MINNEAPOLIS (WCCO) — Snaking along a house, a string of strong-armed volunteers are racing a demon.
The LeSueur River jumped a foot and a half overnight, and it’s quickly closing in on the small Blue Earth County city of St. Clair, Minn.
Brad O’Donnell’s home is one of many being threatened.
“We’ve sandbagged everything, at least precautionary. And it’s rising, there’s no doubt and there’s concern, but … half of southern Minnesota is concerned right now,” O’Donnell said.
Sandbag walls circle his and other low-lying homes, as well as the town’s post office and utilities.
About a hundred volunteers are filling sandbags and making pallets. An army of workers are carted from home to home to build the walls of defense.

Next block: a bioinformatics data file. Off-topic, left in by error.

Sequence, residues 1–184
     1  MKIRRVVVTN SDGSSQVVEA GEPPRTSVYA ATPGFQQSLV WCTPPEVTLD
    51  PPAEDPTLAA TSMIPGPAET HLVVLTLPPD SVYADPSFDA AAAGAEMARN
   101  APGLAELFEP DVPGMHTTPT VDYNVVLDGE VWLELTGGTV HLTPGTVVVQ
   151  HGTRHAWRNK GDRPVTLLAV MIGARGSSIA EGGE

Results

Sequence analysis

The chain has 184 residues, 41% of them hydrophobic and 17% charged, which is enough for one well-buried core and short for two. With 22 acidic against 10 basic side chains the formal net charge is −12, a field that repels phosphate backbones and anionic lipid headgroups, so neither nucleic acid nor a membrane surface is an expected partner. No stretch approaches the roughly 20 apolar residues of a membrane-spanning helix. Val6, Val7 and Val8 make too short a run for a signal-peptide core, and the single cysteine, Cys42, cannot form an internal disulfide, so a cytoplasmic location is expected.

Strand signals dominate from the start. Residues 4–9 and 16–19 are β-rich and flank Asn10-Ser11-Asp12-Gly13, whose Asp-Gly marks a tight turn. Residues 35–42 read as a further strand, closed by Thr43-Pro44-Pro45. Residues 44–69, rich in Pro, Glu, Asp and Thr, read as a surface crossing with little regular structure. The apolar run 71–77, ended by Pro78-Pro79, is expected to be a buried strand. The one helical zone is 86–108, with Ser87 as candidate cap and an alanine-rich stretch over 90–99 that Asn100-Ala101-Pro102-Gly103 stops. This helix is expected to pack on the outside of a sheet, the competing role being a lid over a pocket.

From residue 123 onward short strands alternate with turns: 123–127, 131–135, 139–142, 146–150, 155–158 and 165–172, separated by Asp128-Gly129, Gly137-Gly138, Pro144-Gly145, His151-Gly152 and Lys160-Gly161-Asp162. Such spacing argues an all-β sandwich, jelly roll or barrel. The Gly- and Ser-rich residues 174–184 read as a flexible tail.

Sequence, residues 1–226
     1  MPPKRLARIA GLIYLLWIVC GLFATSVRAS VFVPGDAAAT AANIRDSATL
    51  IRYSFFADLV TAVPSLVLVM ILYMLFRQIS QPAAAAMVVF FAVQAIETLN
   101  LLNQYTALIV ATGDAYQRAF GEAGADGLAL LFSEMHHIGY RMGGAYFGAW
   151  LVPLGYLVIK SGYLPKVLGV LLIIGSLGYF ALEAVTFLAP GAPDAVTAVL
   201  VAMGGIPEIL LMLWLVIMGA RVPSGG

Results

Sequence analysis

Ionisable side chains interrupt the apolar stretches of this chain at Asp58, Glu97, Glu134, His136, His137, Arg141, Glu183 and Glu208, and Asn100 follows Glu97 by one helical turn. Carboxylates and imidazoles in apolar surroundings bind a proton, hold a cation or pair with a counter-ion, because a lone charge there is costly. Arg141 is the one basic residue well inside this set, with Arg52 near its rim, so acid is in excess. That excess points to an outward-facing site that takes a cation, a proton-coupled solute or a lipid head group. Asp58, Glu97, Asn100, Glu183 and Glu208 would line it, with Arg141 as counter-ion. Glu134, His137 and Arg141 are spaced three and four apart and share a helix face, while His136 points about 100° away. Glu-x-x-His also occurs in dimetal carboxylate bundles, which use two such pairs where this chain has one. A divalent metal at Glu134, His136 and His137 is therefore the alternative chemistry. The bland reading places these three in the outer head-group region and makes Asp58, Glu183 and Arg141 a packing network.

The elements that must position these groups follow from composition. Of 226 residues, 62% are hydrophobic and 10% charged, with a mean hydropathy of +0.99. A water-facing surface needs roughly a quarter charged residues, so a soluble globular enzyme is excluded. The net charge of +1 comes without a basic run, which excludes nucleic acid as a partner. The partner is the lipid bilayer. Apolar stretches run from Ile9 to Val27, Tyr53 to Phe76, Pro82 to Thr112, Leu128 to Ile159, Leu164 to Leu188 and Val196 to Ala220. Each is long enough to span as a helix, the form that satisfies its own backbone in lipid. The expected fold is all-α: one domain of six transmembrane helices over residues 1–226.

“Shows how much everybody comes together to save a town,” said resident Andrea Hansen.
With the river just inches from the bottom of the bridge, there’s another concern. If logs and debris get lodged, there would be a sudden rise – and a catastrophic end to a town’s race to tame a wild river.
They learned some valuable lessons from a flood fight four years ago, and since built a wall around the sewage treatment plant.
They will be filling more bags than needed just in case they have to go higher.
More rainfall in the watershed up stream is going to throw off the best projections for when water levels will decrease.